On-Farm Water Management

Drought Preparedness & Resilience, Production and Environment

The On-Farm Water Management project will help farmers reduce the impact of drought by preparing and implementing an on-farm water management plan – a plan that determines water needs (stock and domestic) and the capacity to meet these needs through storage (dams, tanks, waterways). Landholders will then be able to undertake proven on-farm design and actions to ensure they have adequate water in the right places across the farm (through storage and reticulation via pipes and troughs). By managing water, drought impacts on livestock, productive pastures, soil and natural assets, will be minimised, and production, both during and recovery after drought will be improved.

These outcomes will be achieved by engaging and encouraging farmers through existing regional networks, such as Holbrook Landcare Network, Irrigated Cropping Council, Western Murray Land Improvement Group, RiverinePlains, to undertake Farm Water Management Planning (FWMP). FWM plans will be developed at workshops and subsequent 1:1 (or small group) follow-up session to finalise the plans. Field days at 10 demonstration sites established across the MLLS region will provide clear examples of proven design options and tangible evidence of the benefits of completing a FWM plan.

The substantive (70-80%) portion of the project is focussed on encouraging and supporting landholders developing FWMPs and 20-30% on the establishment, monitoring, and field days around the demonstration sites.

Table Top farmer Marcus Richardson talks about his project to improve the dams on his property.

FREE Farm Water Management Planning Workshops

Join us for the Holbrook Landcare Network’s Farm Water Management Planning Workshops in the Eastern Murray Region!

Prepare for drought with expert trainer Peter Smith from Sapphire Irrigation. Learn to develop a comprehensive plan covering: water storage, supply assessment, and demand estimation for livestock and farm activities.

Utilise Tocal College resources for effective water management and future planning. Don’t miss out on valuable tools to ensure your farm is well-prepared for changes in water availability and requirements.

Two workshop locations available (Tooma and Holbrook). Be drought-ready!

Tooma Workshop

07 February 2024

Holbrook Workshop

08 February 2024

Cool Tool for Estimating the Capacity of your Dam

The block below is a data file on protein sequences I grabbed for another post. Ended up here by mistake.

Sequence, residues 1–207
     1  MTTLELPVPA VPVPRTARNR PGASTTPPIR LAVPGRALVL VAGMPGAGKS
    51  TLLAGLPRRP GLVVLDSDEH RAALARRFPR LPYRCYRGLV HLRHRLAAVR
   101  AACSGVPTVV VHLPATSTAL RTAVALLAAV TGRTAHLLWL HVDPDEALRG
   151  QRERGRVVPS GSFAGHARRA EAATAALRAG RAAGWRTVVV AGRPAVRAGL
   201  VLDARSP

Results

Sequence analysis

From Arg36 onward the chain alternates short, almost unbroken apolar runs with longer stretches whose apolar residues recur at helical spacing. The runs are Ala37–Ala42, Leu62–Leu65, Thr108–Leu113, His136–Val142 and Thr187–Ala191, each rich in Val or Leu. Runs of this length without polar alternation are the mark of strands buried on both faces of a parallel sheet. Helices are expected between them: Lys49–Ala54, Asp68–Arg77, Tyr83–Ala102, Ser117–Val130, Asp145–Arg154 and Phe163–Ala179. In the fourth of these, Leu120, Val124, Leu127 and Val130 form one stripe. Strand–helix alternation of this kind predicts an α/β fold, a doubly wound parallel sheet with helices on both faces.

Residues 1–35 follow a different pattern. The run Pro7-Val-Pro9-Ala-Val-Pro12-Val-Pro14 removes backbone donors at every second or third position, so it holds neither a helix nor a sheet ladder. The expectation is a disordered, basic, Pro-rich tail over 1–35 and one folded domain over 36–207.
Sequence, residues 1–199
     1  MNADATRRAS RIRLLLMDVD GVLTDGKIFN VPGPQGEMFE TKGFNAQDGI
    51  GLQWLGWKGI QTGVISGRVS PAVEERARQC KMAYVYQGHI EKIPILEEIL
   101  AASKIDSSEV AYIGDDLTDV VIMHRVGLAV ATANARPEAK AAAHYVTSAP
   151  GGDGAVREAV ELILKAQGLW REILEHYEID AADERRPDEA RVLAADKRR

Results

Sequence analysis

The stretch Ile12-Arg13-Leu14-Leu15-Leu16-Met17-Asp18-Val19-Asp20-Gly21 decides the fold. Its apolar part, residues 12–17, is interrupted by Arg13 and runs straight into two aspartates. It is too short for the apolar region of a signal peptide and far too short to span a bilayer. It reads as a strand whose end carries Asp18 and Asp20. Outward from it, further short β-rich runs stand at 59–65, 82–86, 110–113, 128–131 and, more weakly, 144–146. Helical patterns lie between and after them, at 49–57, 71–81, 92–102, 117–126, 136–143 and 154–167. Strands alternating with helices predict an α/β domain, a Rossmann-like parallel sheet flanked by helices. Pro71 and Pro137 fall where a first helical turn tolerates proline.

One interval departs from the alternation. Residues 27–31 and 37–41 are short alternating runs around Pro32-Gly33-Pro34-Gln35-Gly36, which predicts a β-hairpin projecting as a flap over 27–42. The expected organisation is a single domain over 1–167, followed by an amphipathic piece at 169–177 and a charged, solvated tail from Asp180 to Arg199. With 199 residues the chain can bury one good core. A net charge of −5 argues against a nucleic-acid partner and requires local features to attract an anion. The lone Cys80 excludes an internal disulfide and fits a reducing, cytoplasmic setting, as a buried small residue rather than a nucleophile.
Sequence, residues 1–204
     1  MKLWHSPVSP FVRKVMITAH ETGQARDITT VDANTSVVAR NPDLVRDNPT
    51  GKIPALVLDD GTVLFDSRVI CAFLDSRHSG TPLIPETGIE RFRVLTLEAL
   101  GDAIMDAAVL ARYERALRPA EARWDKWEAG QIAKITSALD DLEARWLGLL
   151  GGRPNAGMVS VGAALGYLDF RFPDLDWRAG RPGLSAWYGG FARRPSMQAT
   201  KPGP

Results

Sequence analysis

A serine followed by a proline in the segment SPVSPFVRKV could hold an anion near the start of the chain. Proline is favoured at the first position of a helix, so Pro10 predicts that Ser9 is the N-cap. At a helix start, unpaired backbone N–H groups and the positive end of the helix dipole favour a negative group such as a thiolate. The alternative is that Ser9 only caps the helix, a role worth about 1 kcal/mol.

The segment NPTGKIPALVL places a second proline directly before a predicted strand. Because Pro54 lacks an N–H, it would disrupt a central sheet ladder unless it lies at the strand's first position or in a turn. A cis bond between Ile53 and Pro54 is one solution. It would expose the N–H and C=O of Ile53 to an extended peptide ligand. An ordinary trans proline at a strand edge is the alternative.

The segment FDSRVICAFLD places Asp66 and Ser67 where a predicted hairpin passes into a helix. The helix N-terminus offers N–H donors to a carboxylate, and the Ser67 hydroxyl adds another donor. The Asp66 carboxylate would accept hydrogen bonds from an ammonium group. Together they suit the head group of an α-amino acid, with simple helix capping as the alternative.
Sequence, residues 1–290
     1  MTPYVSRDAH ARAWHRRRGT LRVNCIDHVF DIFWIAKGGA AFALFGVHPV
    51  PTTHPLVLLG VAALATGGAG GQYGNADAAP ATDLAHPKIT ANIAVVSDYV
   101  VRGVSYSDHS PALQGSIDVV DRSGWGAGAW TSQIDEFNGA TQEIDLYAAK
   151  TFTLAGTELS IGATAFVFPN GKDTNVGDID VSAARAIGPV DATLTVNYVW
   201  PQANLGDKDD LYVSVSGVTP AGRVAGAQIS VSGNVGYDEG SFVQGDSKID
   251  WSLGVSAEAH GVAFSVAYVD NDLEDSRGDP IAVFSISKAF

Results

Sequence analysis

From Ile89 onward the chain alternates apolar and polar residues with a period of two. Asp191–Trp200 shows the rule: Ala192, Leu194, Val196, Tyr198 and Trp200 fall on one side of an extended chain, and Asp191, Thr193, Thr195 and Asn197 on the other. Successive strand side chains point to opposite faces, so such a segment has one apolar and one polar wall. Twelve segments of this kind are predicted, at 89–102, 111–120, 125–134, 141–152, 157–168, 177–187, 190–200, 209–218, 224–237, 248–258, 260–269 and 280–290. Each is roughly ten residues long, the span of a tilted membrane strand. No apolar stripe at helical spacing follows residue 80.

How do you estimate the capacity of your dam without bringing the tinny out?

When it comes to measuring up your water storage capacity it is crucial for that estimation to be as accurate as it can be, so you don’t get caught short when the tap turns off. If you’re lucky you might know how deep the dam was when it was built – from a scribble in an old notebook, but how can we check it now without pushing the tinny down the bank?

While the surface area of water in the dam can be figure out with a quick walk with a tape measure, our depth is subject to constant change. We lose dam depth from the top through livestock consumption and evaporation, but we also lose it from the bottom up through silting and sedimentation as well.

In light of our upcoming Farm Water Management Planning workshops, we wanted to let you in on a cheap and easy way of measuring the depth of your farm dams. This video (5:11mins) demonstrates Greg Bekker, from Agriculture Victoria, making up and using the homemade DAMDEEP measuring tool to measure the depth of your dam from the ease and comfort of the bank.

What you will need to make a DAMDEEP measuring tool:
  • 10-20lbs mono fishing line
  • Lumo beads
  • Sinker with Swivel
  • Float
  • Scissors.
How to make the DAMDEEP measuring tool:
  1. Thread fishing line through a small lumo bead, then a larger lumo bead, the float, a small bead and finally through the sinker swivel, using a suitable knot to secure the line to the sinker.
  2. Using a small, spare length of line, thread it through the top of the first bead, come back over the bead and re-thread through the top of the bead again. This ensures that the bead can be pushed by the float up the line – measuring the depth of the dam, and will then also stay at that point when the float goes down. You may need to use a couple lengths of lines/wrap multiple times to achieve the desired tightness around the bead.
DAMDEEP Farm dam measuring tool, consisting of a blue fishing line spool with a float, beads and a sinker, sitting on a glass table
Illustration of DAMDEEP Measuring tool showing a close up of the knot required to prevent the top bead from dropping after measuring depth of dam water

Online Resources